Looking at the performance of Liberty products and what you can do with the information

The Liberty Web Server on z/OS can produce information on the performance of “transactions”. It may not be as you expect, and it may not be worth collecting it. I started looking into this to see why certain transactions were slow on z/OSMF.

This blog post covers

  • How does the web server work?
  • How can I see what is going on?
  • Access logs
  • SMF 120
  • WLM
  • Do I want to use this in production?

How does it work?

A typical Web Server transaction might use a database to debit your account, and to credit my account. I think of this as a fat transaction because the application does a lot of work,

z/OSMF runs on top of Liberty, and allows you to run SDSF and ISPF within a web brower, and has tools to help automate work. You can also use REST services, so you can send a self contained HTTP request to z/OSMF, for example request information about data sets, or jobs running on the system. Both of these send a request to z/OSMF, which might send a request to a TSO userid, get the response back and pass the response back to the requester. I think of this as a thin transaction because the application running on the web server is mainly acting as a router or broker. What the end user sees as a “transaction” may be many micro services – each of which is a REST requests.

How can I see what is going on?

You can see what “transactions” or requests have been issued from

  • the access log – a flat file of requests
  • SMF 120 records
  • WLM reports.

Access logs

In the <httpEndpoint … accessLoggingRef=”accessLogging”…>, the accessLogging is a reference to an <httpAccessLogging… statement. This creates a flat files containing a record of all inbound HTTP client requests. If you have multiple httpEndpoint statements, you can have multiple accessLogging files. You can control the number and size of the files.

This has information with fields like

  • 10.1.0.2 – the IP address the request came in from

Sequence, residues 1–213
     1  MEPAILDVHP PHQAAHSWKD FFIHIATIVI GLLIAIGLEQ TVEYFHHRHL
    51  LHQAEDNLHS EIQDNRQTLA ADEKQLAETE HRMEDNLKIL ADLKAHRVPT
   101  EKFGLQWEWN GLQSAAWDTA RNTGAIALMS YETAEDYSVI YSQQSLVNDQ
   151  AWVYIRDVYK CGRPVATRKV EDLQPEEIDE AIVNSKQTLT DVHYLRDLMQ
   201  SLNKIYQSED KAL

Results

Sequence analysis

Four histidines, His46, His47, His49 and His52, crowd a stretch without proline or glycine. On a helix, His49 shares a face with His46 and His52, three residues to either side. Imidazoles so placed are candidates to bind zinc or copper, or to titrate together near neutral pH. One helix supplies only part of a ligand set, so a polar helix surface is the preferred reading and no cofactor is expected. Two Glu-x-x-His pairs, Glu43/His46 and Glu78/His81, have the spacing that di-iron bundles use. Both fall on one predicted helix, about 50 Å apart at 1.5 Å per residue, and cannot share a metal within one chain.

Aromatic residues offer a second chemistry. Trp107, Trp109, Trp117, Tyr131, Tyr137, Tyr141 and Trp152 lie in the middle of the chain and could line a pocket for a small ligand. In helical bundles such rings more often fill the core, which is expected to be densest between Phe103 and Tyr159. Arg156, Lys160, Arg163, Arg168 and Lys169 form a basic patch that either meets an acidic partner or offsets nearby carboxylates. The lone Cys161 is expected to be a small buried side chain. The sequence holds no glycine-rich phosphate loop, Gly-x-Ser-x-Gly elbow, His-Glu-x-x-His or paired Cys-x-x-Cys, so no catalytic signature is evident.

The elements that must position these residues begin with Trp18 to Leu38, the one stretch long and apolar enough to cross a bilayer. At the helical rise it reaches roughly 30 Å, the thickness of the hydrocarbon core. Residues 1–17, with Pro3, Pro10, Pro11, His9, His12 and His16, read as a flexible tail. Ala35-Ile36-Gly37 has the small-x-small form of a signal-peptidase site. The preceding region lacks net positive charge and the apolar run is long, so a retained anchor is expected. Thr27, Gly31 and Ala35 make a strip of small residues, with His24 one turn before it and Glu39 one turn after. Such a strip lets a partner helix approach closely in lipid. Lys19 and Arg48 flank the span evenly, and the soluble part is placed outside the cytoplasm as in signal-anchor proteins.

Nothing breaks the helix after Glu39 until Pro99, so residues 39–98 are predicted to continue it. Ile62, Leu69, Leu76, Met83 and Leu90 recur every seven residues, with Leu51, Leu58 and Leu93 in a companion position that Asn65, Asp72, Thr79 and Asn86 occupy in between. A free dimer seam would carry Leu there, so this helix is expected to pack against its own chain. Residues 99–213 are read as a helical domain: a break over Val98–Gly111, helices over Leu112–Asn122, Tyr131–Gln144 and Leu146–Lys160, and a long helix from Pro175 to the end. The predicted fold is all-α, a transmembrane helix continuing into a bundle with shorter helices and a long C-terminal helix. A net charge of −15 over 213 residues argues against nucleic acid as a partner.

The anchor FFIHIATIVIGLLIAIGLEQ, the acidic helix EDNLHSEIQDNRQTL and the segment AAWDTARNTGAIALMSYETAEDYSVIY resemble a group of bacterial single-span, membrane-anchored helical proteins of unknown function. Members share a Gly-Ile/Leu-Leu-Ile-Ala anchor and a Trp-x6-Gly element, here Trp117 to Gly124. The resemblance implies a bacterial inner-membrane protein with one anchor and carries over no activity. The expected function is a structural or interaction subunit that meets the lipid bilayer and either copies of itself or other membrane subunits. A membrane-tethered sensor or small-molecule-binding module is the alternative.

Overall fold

• COLIN – the userid
  • {16/May/2021:14:47:40 +0000} – the date, time and time zone of the event
  • PUT /zosmf/tsoApp/tso/ping/COLIN-69-aabuaaac – the request
  • HTTP/1.1 – the type of HTTP request
  • 200 – the HTTP return code
  • 78 – the number of bytes sent back.

You can have multiple httpEndpoint definitions, for example specifing different IP address and port combinations. These definitions can point to a shared or indivdual httpAccessLogging statement, and so can share (or not) the flat files. This allows you to specify that for one port you will use the accessLogging, and another port does not have access logging.

The SMF 120 records.

The request logging writes a record to SMF for each request.

<server>
<featureManager>
<feature>zosRequestLogging-1.0</feature>
</featureManager>
</server

I have not been able to find a formatter for these records from IBM, so I have written my own, it is available on github.

It produces output like

Server version      :2                                                              
System              :S0W1                                                           
Syplex              :ADCDPL                                                         
Server job id       :STC02771                                                       
Server job name     :IZUSVR1                                                        
config dir          :/var/zosmf/configuration/servers/zosmfServer/                  
codelevel           :19.0.0.3  
                                                     
Start time          :2021/05/16 14:42:33.955288                                     
Stop  time          :2021/05/16 14:42:34.040698                                     
Duration in secs    : 0.085410                                                      
WLMTRan             :ZCI4                                                           
Enclave CPU time    : 0.042570                                                      
Enclave ZIIP time   : 0.042570                                                      
WLM Resp time ratio :10.000000                                                      
userid long         :COLIN